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Bipolar disorder treatment and Vincent Van Gogh's creativity

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  1. Introduction.
  2. Etiology.
  3. Bipolar I and Bipolar II.
  4. Frequency, detection and disorders.
  5. Conclusion.

The term bipolar disorder is used to describe patterns of manic or hypomanic behavior (which is "just under manic" in the way that a hypodermic needle slips just under the skin, for example ? and it is also coupled with elevated, expansive or irritable moods) that may or may not alternate with episodes of clinically defined depression. Occasionally, people show a mixture of both high and low features at the exact same moment, or switch during the day, giving a mixed picture of rising and falling behavior.

Bipolar disorder is one of the simplest mood disorders to assess, because the generally accepted criteria meet standards for both validity and reliability. The cyclical pattern of depression and mania is easily recognizable, there is a genetic predisposition, and a treatment, lithium, is often an effective first course of treatment in terms of psychopharmacological intervention.

[...] Indeed, far more difficult is a diagnosis of depression, as if depression is followed by a manic or hypomanic episode (especially once placed on medication), the bipolar nature of the disorder may be confused with the effects of therapeutic treatment and medication. Officially, the period of mood disturbance must be accompanied by three or four of the following symptoms: Inflated self-esteem decreased need for sleep a pressure to keep talking flight of ideas or racing thoughts distractibility increased social, work, or sexual activity or psychomotor agitation excessive involvement in activities that can lead to distressing consequences, such as spending sprees, reckless driving, foolish business decisions, or sexual indiscretion possibility of psychotic features such as auditory hallucinations, delusions, or paranoid ideation. [...]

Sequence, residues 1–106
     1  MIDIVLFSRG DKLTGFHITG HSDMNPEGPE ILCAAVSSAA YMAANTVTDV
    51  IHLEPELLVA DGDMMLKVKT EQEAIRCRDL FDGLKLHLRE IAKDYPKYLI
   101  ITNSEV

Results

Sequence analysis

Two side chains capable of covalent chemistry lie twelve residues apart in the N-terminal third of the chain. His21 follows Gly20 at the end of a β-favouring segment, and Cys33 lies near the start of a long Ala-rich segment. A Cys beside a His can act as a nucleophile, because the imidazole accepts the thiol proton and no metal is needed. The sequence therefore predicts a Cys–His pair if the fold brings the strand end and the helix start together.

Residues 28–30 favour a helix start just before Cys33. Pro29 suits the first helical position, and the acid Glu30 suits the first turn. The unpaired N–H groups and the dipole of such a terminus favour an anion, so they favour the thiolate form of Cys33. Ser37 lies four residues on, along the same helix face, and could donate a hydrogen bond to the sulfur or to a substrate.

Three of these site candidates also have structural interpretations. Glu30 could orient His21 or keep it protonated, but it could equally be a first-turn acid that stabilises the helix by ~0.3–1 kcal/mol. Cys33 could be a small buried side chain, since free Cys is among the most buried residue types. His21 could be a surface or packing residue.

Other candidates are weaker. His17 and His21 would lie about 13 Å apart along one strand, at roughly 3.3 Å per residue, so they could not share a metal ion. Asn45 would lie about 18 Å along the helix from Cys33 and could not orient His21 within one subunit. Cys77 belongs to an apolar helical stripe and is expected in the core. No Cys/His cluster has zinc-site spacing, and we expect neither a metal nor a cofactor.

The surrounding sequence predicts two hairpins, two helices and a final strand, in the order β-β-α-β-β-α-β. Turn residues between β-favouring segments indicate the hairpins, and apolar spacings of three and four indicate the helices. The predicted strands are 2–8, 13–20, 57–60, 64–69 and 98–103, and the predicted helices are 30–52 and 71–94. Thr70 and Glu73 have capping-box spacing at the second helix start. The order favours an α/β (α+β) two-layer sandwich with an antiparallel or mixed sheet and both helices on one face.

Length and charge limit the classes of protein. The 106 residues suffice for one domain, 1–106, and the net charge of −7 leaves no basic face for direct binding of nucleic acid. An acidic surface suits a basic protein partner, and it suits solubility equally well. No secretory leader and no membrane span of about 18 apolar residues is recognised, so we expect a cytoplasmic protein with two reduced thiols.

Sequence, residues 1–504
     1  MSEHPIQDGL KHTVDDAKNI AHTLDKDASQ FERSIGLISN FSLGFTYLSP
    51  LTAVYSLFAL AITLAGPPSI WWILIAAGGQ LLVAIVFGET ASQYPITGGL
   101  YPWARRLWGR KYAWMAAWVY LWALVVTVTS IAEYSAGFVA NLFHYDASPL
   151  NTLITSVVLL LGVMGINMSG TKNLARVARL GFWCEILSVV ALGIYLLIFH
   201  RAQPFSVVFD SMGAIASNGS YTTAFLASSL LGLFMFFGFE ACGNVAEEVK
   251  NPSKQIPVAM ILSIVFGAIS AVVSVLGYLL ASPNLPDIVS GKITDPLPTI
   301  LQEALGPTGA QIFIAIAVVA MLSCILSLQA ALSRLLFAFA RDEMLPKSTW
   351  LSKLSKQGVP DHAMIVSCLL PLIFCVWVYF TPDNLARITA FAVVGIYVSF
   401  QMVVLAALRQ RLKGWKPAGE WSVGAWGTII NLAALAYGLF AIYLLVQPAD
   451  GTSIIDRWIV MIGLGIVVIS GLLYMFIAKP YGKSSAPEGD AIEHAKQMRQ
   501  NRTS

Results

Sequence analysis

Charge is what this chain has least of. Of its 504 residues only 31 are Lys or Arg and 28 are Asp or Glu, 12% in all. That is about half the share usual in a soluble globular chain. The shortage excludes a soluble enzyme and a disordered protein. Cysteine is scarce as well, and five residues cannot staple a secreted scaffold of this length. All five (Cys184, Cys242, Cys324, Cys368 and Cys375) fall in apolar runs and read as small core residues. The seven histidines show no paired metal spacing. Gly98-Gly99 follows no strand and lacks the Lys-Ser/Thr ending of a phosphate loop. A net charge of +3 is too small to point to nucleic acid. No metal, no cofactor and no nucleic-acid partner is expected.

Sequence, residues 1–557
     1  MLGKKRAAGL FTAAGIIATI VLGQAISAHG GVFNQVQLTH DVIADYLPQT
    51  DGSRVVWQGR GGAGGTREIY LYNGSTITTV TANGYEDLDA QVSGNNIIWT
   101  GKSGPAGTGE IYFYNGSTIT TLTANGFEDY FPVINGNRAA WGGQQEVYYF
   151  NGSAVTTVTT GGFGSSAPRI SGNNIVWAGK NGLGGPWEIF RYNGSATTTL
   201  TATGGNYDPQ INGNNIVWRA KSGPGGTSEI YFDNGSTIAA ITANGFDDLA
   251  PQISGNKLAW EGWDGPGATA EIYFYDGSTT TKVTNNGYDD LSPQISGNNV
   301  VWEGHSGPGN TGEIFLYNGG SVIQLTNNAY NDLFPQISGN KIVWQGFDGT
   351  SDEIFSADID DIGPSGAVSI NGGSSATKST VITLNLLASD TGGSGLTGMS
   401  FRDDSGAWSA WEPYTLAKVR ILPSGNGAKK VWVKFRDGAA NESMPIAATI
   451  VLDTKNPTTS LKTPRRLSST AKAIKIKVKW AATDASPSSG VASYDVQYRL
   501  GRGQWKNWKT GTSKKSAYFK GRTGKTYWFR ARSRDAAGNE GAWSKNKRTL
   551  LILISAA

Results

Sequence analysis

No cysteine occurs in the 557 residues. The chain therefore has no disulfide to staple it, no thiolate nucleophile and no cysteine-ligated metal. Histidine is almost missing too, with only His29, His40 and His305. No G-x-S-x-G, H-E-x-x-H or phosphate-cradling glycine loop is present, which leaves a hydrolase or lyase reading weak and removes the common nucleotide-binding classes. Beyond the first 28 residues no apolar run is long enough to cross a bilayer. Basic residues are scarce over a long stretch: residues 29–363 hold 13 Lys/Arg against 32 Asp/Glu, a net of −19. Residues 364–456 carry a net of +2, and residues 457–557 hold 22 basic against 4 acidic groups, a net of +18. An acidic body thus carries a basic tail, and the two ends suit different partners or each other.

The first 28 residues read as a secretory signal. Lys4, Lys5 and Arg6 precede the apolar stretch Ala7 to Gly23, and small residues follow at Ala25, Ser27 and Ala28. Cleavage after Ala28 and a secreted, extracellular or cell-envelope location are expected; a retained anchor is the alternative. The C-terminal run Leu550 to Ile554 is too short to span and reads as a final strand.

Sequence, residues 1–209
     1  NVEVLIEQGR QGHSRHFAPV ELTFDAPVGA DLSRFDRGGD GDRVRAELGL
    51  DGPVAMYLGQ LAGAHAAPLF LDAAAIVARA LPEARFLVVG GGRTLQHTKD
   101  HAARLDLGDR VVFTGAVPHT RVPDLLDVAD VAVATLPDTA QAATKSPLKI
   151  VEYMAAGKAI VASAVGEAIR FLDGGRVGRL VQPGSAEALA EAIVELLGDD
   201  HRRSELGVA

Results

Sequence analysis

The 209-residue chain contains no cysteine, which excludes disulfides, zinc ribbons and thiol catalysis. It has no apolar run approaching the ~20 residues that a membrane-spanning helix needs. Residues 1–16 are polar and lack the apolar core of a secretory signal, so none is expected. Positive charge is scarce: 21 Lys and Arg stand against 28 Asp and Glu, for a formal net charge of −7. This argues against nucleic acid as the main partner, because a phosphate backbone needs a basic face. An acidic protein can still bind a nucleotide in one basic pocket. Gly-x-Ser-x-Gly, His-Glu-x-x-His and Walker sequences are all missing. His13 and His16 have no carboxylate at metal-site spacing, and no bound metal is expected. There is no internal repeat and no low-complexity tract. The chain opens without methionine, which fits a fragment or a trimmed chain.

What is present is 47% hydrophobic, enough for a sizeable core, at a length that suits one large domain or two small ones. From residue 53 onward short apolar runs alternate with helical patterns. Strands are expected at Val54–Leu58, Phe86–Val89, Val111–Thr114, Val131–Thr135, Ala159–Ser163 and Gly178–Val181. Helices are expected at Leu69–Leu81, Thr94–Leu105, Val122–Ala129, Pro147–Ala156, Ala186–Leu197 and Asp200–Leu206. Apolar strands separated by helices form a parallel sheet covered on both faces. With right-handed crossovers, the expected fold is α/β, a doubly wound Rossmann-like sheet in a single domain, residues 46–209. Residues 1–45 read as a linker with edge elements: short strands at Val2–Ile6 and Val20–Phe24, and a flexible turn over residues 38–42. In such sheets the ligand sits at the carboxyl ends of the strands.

[...] All of this seems to tie in to how Van Gogh would stay up for days painting things that only he could see Treatments It is a challenge, even an affront, to the beauty of art to think that the greatest minds should be shackled to treatments and interventions and methodologies that are inherently built, fabricated and designed to wreck the person's greatness, but that is one way of looking at the treatment of bipolar disorder and it, most likely, would have robbed the world of the paintings of Vincent Van Gogh if he were changed by too great a degree. [...]

[...] This is to say that, when they are being crazy, there is no awareness that they are being crazy, which, naturally, can come in very handy for someone who is trying to break out of normal ideological constructs and paradigms and create bold, new embodiments of visions or ideas that challenge the thinking of everyday human beings which, in some sort of slick but notable way, is what the best artists like Vincent van Gogh seem to be able to do. [...]

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